These all sound fabulous, especially the first choice, which I’ve not heard of before. Camus is one of those authors I’ve not read despite owning most of his work — he often gets name-checked in this slot, which is perhaps why I’ve started to buy his work. And the final book has been on my radar for some time, given I’m quite partial to Irish novels, but now it’s promptly rocketed up my must-read soon list!

What do you think of Isabel’s choices? Have you read any of these books?

17 thoughts on “Triple Choice Tuesday: Isabel Costello”

  1. I love L’Etranger too ….isabel you must read Mersault Contre Enquete by Kamel Daoud which was listed for the Goncourt last year ( tho didn’t win). It’s a retelling of L’Etranger from the Arab POV ….an examination of colonialism and an hommage to Camus . I need someone to discuss it with !! Great choices ….never heard of Madame so must track it down .

    Liked by 2 people

  2. Yesterday I was discussing how diverse my reading, and my wishlist, is becoming thanks to joining Twitter in Sept – this is an excellent example. Both no 1&3 appeal – no1 makes me think of Notes on a Scandal – sadly my ‘la fenetre, le stylo’ limited French rules out no2… Cpt P & me can’t reminisce about our trip to Paris without giggling at the natives raised eyebrows as I merrily slaughtered their language


    1. Hi poppypeacockpens,

      You can read Camus in English. The translation is usually titled The Outsider. It also has what’s often regarded as one of the most memorable first lines of any novel, often translated as “Mother died today.”

      I’ve also heard great things about Rob Doyle, although (shame on me) I’ve yet to read it. Another Irish writer tipped for great things is Colin Barrett, whose Young Skins won the Guardian First Book Award last year.

      Happy reading.


      Liked by 2 people

    2. Yay, for diverse reading! I know that blogging certainly gave me courage to try things out of my comfort zone and it also made me realise I wasn’t quite as well read as I thought — for instance, prior to 2004 I don’t think I’d ever read a novel in translation; now about 20% of what I read was not originally published in English 🙂


    1. Hi Claire, I agree there’s something lovely about a gift becoming a favourite book. And re-reading Camus always reveals something new! La Peste also made a big impression on me and recently I was looking at Le Mythe de Sisyphe.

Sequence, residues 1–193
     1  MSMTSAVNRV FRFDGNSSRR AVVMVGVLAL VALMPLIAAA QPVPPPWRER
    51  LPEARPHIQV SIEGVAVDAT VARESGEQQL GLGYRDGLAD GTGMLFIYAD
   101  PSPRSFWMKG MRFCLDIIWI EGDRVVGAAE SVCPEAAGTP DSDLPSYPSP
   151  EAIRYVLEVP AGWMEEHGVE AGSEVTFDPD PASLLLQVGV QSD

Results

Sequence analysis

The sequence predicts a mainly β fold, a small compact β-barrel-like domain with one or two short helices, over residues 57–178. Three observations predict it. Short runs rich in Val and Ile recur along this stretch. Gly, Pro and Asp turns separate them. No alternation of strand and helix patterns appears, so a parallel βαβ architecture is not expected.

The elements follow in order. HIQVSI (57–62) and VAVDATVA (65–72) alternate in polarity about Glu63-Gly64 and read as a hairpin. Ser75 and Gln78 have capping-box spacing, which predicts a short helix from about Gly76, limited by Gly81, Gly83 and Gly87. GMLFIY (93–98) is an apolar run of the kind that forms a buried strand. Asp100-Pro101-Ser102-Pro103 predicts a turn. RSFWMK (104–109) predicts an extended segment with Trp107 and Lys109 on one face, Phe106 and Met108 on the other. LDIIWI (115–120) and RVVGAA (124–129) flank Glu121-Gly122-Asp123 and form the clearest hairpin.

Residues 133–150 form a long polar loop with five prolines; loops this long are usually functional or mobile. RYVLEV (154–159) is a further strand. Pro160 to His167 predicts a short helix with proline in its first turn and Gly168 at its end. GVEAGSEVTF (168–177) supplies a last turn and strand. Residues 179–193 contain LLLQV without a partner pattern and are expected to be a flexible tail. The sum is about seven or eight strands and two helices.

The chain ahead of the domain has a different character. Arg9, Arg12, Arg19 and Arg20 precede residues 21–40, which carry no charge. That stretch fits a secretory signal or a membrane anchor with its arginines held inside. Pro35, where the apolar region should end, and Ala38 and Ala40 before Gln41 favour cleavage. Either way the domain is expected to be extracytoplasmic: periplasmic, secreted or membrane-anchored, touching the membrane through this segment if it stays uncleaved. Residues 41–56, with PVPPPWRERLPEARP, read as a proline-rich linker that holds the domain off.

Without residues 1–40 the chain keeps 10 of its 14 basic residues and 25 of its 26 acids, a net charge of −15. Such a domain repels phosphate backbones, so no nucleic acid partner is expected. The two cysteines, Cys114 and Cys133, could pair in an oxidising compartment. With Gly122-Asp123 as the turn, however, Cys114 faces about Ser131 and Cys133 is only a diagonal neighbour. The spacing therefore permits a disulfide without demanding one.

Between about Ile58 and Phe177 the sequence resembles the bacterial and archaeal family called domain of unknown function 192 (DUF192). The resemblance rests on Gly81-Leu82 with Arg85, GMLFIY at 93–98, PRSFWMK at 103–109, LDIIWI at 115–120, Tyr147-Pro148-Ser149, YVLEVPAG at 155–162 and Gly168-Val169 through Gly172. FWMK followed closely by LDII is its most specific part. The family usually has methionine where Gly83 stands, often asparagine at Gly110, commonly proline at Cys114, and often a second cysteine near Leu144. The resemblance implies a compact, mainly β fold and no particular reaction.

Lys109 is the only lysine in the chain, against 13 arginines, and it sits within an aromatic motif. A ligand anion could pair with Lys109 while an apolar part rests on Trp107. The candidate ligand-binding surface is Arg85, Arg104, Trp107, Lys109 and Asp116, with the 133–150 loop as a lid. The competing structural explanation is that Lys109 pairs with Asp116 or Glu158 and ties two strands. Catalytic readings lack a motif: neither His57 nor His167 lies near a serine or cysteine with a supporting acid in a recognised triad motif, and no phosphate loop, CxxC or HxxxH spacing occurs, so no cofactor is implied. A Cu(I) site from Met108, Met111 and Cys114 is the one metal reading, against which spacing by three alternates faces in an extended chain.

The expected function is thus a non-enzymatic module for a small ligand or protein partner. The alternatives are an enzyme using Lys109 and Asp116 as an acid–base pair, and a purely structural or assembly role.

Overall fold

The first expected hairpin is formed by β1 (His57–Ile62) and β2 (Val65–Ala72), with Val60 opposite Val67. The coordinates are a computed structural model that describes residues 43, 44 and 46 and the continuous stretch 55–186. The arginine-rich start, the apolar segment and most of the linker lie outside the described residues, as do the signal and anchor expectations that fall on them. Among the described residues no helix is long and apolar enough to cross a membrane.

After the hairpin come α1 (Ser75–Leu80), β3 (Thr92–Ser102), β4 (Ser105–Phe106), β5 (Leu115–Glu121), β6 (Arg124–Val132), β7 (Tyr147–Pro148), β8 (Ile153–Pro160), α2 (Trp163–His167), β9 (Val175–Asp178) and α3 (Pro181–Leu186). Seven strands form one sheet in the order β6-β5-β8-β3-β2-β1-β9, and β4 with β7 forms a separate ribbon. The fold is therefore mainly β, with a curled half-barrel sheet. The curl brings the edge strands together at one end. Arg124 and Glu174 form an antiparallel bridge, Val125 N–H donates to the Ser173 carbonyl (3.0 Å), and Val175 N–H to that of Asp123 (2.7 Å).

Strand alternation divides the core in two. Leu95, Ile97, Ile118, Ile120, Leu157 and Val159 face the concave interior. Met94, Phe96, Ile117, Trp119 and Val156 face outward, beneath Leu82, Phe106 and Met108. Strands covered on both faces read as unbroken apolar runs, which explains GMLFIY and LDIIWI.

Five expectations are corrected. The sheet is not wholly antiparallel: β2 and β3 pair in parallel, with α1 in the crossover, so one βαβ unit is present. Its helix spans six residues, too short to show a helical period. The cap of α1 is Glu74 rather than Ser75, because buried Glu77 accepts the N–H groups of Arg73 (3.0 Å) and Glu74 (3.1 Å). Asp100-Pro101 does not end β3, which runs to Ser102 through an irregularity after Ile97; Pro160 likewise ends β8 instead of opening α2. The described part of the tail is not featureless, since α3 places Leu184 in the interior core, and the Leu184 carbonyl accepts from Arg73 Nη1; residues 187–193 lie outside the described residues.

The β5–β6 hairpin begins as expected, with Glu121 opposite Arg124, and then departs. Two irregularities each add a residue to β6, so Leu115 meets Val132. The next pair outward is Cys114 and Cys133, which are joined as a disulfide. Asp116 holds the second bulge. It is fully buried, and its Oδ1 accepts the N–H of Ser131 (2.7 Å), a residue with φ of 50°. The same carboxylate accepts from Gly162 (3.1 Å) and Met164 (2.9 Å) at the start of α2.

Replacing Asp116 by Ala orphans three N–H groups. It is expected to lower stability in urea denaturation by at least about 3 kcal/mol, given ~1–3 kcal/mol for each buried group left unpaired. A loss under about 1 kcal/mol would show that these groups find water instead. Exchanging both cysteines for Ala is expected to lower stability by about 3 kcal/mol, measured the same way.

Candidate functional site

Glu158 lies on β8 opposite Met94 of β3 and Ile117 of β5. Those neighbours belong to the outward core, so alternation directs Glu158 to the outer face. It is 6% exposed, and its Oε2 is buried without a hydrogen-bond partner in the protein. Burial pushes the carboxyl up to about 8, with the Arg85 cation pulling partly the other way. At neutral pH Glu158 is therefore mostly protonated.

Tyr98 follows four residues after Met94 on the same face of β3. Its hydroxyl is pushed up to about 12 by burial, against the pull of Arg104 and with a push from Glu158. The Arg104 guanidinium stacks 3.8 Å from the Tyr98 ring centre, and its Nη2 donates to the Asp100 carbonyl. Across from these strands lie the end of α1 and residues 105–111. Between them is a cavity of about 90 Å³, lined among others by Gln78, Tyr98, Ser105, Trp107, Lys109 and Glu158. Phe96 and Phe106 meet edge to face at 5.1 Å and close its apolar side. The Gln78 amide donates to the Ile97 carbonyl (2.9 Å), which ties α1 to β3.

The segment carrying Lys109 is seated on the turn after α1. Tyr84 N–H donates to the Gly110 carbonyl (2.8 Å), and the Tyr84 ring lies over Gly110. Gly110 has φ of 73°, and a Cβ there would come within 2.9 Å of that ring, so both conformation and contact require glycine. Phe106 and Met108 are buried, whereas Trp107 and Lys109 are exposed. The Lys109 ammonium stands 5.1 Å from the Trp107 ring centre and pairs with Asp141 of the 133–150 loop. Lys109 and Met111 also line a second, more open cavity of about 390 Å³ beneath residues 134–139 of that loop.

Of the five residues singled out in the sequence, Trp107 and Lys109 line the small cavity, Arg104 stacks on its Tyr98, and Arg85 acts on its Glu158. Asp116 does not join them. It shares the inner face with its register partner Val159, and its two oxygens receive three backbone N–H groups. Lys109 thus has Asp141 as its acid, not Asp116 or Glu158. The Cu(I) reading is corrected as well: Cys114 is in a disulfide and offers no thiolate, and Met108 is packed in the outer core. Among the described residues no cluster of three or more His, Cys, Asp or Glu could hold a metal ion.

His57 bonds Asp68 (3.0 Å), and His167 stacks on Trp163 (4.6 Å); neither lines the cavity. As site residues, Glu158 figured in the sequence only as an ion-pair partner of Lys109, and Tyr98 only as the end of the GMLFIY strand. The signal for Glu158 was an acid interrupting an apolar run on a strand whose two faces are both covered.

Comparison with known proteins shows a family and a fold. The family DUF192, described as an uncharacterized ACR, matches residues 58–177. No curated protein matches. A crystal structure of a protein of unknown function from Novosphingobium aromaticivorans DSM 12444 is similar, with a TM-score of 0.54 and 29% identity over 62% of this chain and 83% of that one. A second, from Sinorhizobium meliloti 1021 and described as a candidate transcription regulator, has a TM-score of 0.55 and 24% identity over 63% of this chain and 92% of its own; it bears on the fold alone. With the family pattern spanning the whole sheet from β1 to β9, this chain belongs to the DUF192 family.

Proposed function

3. L’Etranger… it’s unforgettable and returns to you at odd moments in time but always returns. I read it years ago in french at university and was incredibly moved by it, although my french was terrible so I’m not sure how it sunk in at all – perhaps by osmosis! When I re-read it in English I was relieved to find I really had understood it.

    I love literature from behind the iron curtain. Madame sounds intriguing. Thank you for your post.


    1. Hi Alex
      Apologies for accidentally posting a reply full of typos! I’m thrilled that Madame has caught people’s attention. Not sure how big it was on publication 15 years ago but regardless of that it deserves another moment of glory in my view!


  4. Hi Shane and Poppy
    Yes, Camus is probably one of the world’s most translated authors. Although I have not read him in translation, I do agree with the essay on ‘The Stranger’ at that this is a more meaningful translation of the title than ‘The Outsider’ for the reasons stated. In any case, that site is a wonderful source of information for anyone interested in the great man!


  5. I’m intrigued about your wider audience book. There is a lot written on the challenges of being a young female (and rightly so b/c we are still have so far to go), but little on the challenges of being a young man in a world of changing expectations.


    1. Hi Laura – you’ve put your finger on why this book interested me from the very premise. Couldn’t agree more about the necessary focus on the pressures etc faced by young women and fighting discrimination but (perhaps particularly as a parent of sons) I am sometimes concerned about widespread negative generalisations about young men which don’t strike me as the way to encourage respect between the sexes. Thanks for commenting.

      Liked by 1 person